On March 14, 2016, the European Space Agency (ESA) — in cooperation with the Russian Federal Space Agency Roscosmos — launched the ExoMars mission, sending a Trace Gas Orbiter and an Entry, Descent and Landing Demonstrator Module (EDM) called Schiaparelli to Mars via Proton rocket. Mission objectives include seeking evidence of life on Mars, past or present, investigating variations in water and the geochemical environment, and the study of Martian atmospheric trace gases and their sources. The Finnish Meteorological Institute (FMI) contributed sensing instrumentation for the environmental observation station on board the Schiaparelli.
The station, designed and tested by ESA, uses a suite of sensors to monitor systems on the module and gather data on environmental conditions, such as wind speed and direction, humidity, pressure, surface temperatures, atmospheric electrification, and other surface variables. Sensors used to gather data include humidity and pressure sensors designed and manufactured by Finnish manufacturer Vaisala.
From Earth’s cleanroom to interstellar study
Typically used for industrial or meteorological applications to measure a range of parameters, sensors measure dew point, humidity, pressure, temperature, and CO2 concentration. The pressure and humidity sensors currently used in space exploration can function under the harsh conditions in large part because of their stability.
Along with sensor design and calibration, the most important factor to ensuring sensor stability is the quality of the cleanroom facilities in which the sensors are manufactured. Like all cleanrooms, the efficacy of Vaisala’s cleanroom depends heavily on careful design, process controls, and the expertise of the cleanroom personnel.
Cleanroom design aided by in-house equipment
There are several factors in the cleanroom that contribute to sensor robustness and stability. Cleanroom design is the first, most obvious fact. However, unlike most cleanroom facilities, and by virtue of the sensors it manufactures, Vaisala can use its own devices to measure their cleanroom conditions. Other cleanroom equipment is also designed fit for purpose, and tightly specified for how it is used. A feedback control system ensures the environment is reliably controlled.
Along with measuring cleanroom conditions with its own measurement devices, low volume is used to customize sensors or space exploration. Vaisala manufactures about 1.5 million chips annually. The production equipment is intended for high-mix/low volume manufacturing, meaning smaller wafer size and smaller batches than volume-based cleanroom facilities. Thus, small changes and variations can be applied to standard processes and products to tailor sensors for very limited use-purposes.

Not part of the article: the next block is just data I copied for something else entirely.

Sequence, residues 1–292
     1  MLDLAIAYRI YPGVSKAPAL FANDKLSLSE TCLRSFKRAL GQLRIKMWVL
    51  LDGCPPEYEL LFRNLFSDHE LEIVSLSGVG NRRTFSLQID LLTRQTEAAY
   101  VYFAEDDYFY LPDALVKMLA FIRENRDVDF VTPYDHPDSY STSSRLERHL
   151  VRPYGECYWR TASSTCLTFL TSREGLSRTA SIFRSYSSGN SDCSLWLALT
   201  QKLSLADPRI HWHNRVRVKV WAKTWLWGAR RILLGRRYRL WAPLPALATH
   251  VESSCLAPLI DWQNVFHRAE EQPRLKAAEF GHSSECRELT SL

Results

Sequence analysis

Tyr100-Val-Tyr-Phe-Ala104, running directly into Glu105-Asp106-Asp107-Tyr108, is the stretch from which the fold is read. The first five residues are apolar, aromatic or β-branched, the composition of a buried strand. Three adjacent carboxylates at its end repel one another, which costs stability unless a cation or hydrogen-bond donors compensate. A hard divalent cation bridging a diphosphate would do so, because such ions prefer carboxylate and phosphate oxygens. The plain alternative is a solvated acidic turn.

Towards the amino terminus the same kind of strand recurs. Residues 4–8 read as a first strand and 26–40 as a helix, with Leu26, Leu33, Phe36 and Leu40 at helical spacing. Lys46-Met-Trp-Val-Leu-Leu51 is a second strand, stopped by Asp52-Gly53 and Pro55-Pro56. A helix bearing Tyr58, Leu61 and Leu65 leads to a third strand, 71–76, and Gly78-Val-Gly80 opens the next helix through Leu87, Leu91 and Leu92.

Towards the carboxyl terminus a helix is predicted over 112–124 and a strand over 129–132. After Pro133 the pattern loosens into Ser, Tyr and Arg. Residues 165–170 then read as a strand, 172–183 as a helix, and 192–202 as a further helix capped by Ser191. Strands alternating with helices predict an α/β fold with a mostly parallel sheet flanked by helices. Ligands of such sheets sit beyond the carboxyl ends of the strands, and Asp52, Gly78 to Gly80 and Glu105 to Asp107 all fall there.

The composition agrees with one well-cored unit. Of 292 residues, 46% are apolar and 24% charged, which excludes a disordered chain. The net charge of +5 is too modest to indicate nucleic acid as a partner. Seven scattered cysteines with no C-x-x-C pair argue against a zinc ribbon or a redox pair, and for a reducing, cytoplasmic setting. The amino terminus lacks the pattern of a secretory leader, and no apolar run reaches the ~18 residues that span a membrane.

Manufacturing low volumes in small batches also allows staff to continually learn from processes, making tools like Statistical Process Control more meaningful. In the case of the capacitive thin-film polymer humidity sensors, manufacturing the chips takes a few weeks, whereas other sensors can take up to several months. Statistical Process Control ensures high quality over long lead times, and sensor materials and structures undergo dozens of tests.
The key: Longstanding, expert cleanroom operators
Highly motivated and well-trained people are probably the single most important factor to cleanroom effectiveness. With many different cleanroom technologies available, the human element can be forgotten. But expertise is critical to creating pressure and humidity sensors that can withstand the conditions of space travel and exploration.
The majority of the processes have been automated. However, as these sensors are manufactured in small batches, there are also several manual processes as part of production. For instance, operators manually load wafers into a machine, or perform time-based etchings — a skill that takes time to learn and refine.
This sort of manual work in combination with long experience has endowed staff with instincts that allow them to spot even minute changes in output. Experienced operators train new staff on the “silent knowledge” of their cleanroom processes. With the human element, the cleanroom work is in many ways as much craftsmanship as science.
Today’s cleanrooms lead to tomorrow’s interplanetary discoveries
The recent ExoMars mission is only the latest space exploration application for Vaisala’s sensors. The Finnish Meteorological Institute has collaborated with Vaisala in space exploration projects since 1988. ExoMars is the fifth venture in which FMI is using Vaisala sensors.
Other applications include NASA’s Curiosity Rover, where the sensors are gathering surface measurements near the Martian equator. This technology will be used to compile time series on pressure and humidity for the duration of the entire Mars Science Laboratory program lasting one Mars year, or 686 Earth days.
Since 1992 scientists at the University of Colorado have also been using carbon dioxide, humidity, and temperature sensors to control life science experiments both on board Space Shuttle flights and at the International Space Station (ISS).
Thanks to the stability and accuracy of sensors — a consequence of stellar cleanroom design and expert staff — their use is sure to be included in the future of space exploration.
Tomi Salo is Principal Scientist in Vaisala’s Controlled Environment division. Tomi has a diploma in physics from the Helsinki University of Technology, and he has also completed his Doctorate Technical degree in electrical engineering from the Swiss Federal Institute of Technology, Zurich. Over his 17 years with Vaisala, Tomi has worked on the design and development of various micro-sensor technologies, including polymer thin-film sensors, bulk silicon pressure sensors, as well as optical gas sensors. firstname.lastname@example.org; www.vaisala.com
This article appeared in the May/June 2016 issue of Controlled Environments.